June’s Artist of the Month: Tristen Chow


Credit: Tristen Chow

The image above is one of freshman Tristen Chow’s metalsmithing projects. Chow concluded that this was one of the hardests projects she’s done all year. “Everyone else was making something flat, like a landscape, or a medal, but I wanted to do something different,” Chow said. “It took time and sweat, but I had a blast.”

Kris Poole-Evans

Freshmen Tristen Chow (she/her) sparked her passion for metalsmithing during lockdown amidst the COVID-19 pandemic. She loved how rings looked and soon figured out that it was easy to make them with wire. She is now taking Ms. O’Connell’s Metalsmithing 1 class, and has loved every step of the way, advancing her skills. As a freshman who has struggled with some COVID-19 restrictions, metalsmithing is a relaxing outlet for her.

How were you introduced to metalsmithing?

“Well, this summer, I did a lot of exploring with wire wrapping to make my own rings. I also tried to make a lot of stuff I saw through TikTok and Pinterest, and that made me fall in love with that form of craft making. In quarantine, I did a lot of things like crochet, knitting and other crafts. Rings are still the most fun to make, in my opinion at least.”

Have the WHS art classes helped you improve?

“Yes, definitely, especially with the introduction to heat work. The new techniques I learned and new materials that I couldn’t use at home have also really helped me with my improvement. Obviously, I don’t have access to torches or big machines [at home], but I’ve definitely been able to improve since taking the class.”

The image above is one of Chow’s metalsmithing projects. “This heart pendant was a simple take on the bezel project that we had recently,” Chow said. “I basically wanted to make a gift for my mother since it was around the time of Mother’s Day, and I just tried to think of her favorite things: hearts, silver and the color blush pink.” (Credit: Tristen Chow)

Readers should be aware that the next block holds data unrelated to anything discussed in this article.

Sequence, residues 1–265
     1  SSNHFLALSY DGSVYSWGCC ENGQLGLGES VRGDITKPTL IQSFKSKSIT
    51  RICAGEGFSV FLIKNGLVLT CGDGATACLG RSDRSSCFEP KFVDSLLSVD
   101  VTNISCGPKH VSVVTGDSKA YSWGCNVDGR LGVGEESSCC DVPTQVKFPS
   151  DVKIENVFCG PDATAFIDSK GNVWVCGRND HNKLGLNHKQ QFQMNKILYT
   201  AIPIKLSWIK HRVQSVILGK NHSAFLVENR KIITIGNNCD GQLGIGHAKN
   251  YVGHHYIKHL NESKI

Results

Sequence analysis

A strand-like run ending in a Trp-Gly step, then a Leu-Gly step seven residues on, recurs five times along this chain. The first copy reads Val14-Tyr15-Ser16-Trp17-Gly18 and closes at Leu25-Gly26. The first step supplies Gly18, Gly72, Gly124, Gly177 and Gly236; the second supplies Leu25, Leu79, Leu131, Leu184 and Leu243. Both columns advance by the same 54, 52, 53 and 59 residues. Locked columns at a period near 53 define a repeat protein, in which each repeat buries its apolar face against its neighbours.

What’s your favorite piece and why? 

“I mean, I like all of the pieces I’ve made so far. Although, I think [my favorite] is probably the one I made most recently for my mom. It’s a pendant with a little heart, and I like it because I used a lot of different techniques [to make it]. Actually, it’s tied between [the pendant] and the flower I made. I used a lot of techniques that Ms. O’Connell taught me. Bending the petals took a lot of time and effort. I really hope my mom likes the pendant I made.”

Do you make your own jewelry? Have you started to make your own as opposed to buying?

“I have made some of my own jewelry. I haven’t bought anything in a while. I also have a good half and half split between jewelry I’ve made and jewelry bought. In the future, if I have more access to materials, I’d make more of my own stuff.”

Is metal working time consuming? Is it dangerous?

“Oh yeah, very time consuming. It’s less dangerous than you’d assume because of all the safety precautions. I feel very safe in the classroom. Working with saws and fire is still a little nerve racking.”

Do you plan to continue metalworking in the future?

“Yes! I am going to take Metals 2 next year if it’s available for me. I think [metalsmithing] is a form of art that I really enjoy, and it’s unique. The class really helps me focus on other things instead of school stuff like homework or tests. So, if I have a certain project in mind, it’s all I can think about. It’s nice to get out of your own head sometimes and just completely submerge yourself into a new creative project. Not to mention, seeing the outcome is satisfying.”

Freshman Tristen Chow created this metal pendant with numbers engraved in it in Metalsmithing 1. Chow enjoys making jewelry and smaller pieces. “I just think it’s simple and nice,” Chow said. (Credit: Tristen Chow )